Cast: Anang Desai, Supriya Pathak, Farah Khan, Prateek Gandhi, Kiku Sharda, Vandana Pathak, Jamnadas Magitiya, Rajeev Mehta. Direction: Aatish Kapadia. (Image: Twitter)
You convert a harmless comedy from the small screen to the large screen at your own risk and the credibility of the product. Aatish Kapadia does this with his ‘Khichdi,’ messes up the ingredients and, more importantly given its banality, its non-existent storyline. Sometimes, a frothy comedy depends heavily on its script at the cost of its storyline. ‘Golmaal,’ ‘Rang Birangi’ (Hrishikesh Mukherjee), and ‘Choti si Baat’ (Basu Chatterjee), are examples. The filmmakers used commonplace situations to tickle your ribs — an essential ingredient of a good comedy. Atish fails primarily in dealing with a near-script-less story. A ludicrous storyline is a godsend to a good comedy. This comes with a huge caveat. The script must carry the burden and keep the viewer in splits constantly. Aatish fails. A ludicrous story told in a near hysterical manner robs the film of its chuckle-worthiness, what could be light often turns ridiculous and farcical.
The ‘Thodi Intelligence Agency (TIA)’ is engaged through Kushal (Anant Vidhat Sharma) to recruit the famous ‘Parekh’ family who we all saw in 2002 on television. The task is to save a robot-making scientist (Paresh Ganatra) from the clutches of the dictator of Paanthukhistan, Imam Khakkethuk (Rajeev Mehta). The dictator is a caricature of the many we have known. He pops out not from the books of history but from comic strips. He is assisted by queen Rani Gulkhandi (Flora Saini) and Vazir Ek Soo Bees Navrathan (Rayanch Veer Chadda). The film starts off on a cacophonic note with the Parekhs’ Tulsidas (Anang Desai), Jai Sree Bharath (Vandana Pathak), Hansa Bhabi (Supriya Phatak), Praful (Rajeev Mehta), and Himanshu (Jamnadas Majethia).
On a helicopter expedition, they drive the pilot Scamish Mehta (Prateek Gandhi) nuts. It is all fine when it is in passing. However, it gets tiresome as you dig into the large dollops of popcorn and the seemingly harmless family gets on your nerves. It is all right for a while to laugh at jokes like ‘Independent’ being misunderstood as ‘in the pendent’ and putting on the AC only once and putting it off for six months but when ‘aftershave’ lotion become ‘after sev’ lotion, the pleasure quotient vanishes.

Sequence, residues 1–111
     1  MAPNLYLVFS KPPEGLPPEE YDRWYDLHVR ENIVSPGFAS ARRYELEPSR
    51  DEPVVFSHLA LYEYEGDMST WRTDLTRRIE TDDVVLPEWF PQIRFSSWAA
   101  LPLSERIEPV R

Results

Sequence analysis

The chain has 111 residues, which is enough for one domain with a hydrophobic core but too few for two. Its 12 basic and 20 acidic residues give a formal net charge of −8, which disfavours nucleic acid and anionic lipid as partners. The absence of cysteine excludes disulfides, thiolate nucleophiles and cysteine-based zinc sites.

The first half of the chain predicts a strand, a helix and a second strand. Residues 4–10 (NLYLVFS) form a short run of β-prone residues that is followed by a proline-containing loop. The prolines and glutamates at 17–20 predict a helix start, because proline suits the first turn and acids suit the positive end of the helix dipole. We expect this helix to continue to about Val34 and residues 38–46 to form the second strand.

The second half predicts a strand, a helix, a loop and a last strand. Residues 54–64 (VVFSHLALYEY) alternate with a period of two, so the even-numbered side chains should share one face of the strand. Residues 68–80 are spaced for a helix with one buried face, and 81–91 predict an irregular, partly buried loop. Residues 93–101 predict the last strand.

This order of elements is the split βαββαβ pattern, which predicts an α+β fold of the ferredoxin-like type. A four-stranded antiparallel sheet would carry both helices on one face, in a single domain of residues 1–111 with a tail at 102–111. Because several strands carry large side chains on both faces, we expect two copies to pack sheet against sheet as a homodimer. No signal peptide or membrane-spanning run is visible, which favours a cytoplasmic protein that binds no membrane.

The task of the family with the ever-blundering Himanshu, the near moronic Praful, the language-challenged Hansa, of heading to Paanthukistan and replacing the dictator with a look-alike, Praful, is spiced by buffoonery and the trademark ‘What is’ of Hansa. The dictator is also assisted by General Zafran (Vishan Malhotra) and Major Zarda (Sumit Jain).
The task of the Parekh Parivar is to find the scientist and save him from the clutches of the dictator. We also have Parminder Kaur heading to prison instead of the police station because it is nearer, to complain that Himanshu is missing. The inspector/jailor (Amit Sreekanth Singh) is dulled. You also have Lord MittiBartan (Raymond) playing the viceroy. There is the time for a tongue-in-cheek look at history that the British left us, thanks to the Parekh Parivar’s understanding of the English language, specially Hansa bhabi.
Many challenges and seeming laughs lead to the Parekhs arriving at Paanthukistan and even managing to replace Praful as the dictator. Unexpected twists where a seeming enemy turns friend leads to a robot (Kiku Sharda) given the command to kill the family. Fortunately for a comedy there is no challenge that cannot be overcome.
After the pleasant but high-tension weeks of Team India’s march to the ICC World Cup final, ‘Khichdi-2’ is light-hearted and a promised laugh ride.
To be fair it is not that the two-hour exercise is wholly without its moments. The problem is that it gets too contrived after a period. There are pleasant surprises from Farah Khan, Prateek Gandhi and Kiku Sharda. The main players are in form. While Anang Desai is forced to play second fiddle. Vandana Pathak is good. It takes talent to play Himanshu, Jamnadas Magitiya does his bit. Rajeev Mehta as Praful is as always good and entertaining. Cast in a dual role he is lost in a wig in one role. The mainstay is the extremely reliable, talented, brilliant Supriya Pathak Shah. Her "How are," "Who is" have trademark timing. She is Aatish Kapadia’s wishbone, she lifts every mundane screen moment to near delight.
The main ingredient of this poorly cooked dish is Supriya. She is the mainstay and good enough reason to nearly invest in this story. Do not forget it comes with a caveat — based on false events. Unfortunately, it also embarks on a very rough route of comedy. The misadventure remains one.